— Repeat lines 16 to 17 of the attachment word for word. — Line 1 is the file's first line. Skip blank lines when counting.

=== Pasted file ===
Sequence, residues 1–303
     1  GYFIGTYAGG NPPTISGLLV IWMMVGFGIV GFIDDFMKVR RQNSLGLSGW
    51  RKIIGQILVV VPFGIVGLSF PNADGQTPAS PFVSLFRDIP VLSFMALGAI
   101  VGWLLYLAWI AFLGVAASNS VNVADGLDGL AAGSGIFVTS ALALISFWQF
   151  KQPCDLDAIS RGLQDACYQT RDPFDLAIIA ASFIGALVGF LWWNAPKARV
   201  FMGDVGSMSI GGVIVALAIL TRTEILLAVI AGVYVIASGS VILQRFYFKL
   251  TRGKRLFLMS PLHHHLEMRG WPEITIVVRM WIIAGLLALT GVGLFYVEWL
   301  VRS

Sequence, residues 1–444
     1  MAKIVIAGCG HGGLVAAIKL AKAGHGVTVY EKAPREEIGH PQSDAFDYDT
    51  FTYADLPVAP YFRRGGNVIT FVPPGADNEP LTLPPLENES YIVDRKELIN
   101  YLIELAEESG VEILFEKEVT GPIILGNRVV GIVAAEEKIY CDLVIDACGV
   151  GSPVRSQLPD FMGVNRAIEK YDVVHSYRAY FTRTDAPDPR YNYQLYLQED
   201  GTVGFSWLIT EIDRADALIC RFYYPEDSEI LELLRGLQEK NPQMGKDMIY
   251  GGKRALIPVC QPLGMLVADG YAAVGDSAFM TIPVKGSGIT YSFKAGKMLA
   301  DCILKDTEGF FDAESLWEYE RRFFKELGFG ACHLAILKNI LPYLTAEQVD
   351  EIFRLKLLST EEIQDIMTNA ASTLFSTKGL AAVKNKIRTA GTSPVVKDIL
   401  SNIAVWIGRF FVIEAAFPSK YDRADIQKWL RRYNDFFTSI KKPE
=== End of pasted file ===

   301  DCILKDTEGF FDAESLWEYE RRFFKELGFG ACHLAILKNI LPYLTAEQVD
   351  EIFRLKLLST EEIQDIMTNA ASTLFSTKGL AAVKNKIRTA GTSPVVKDIL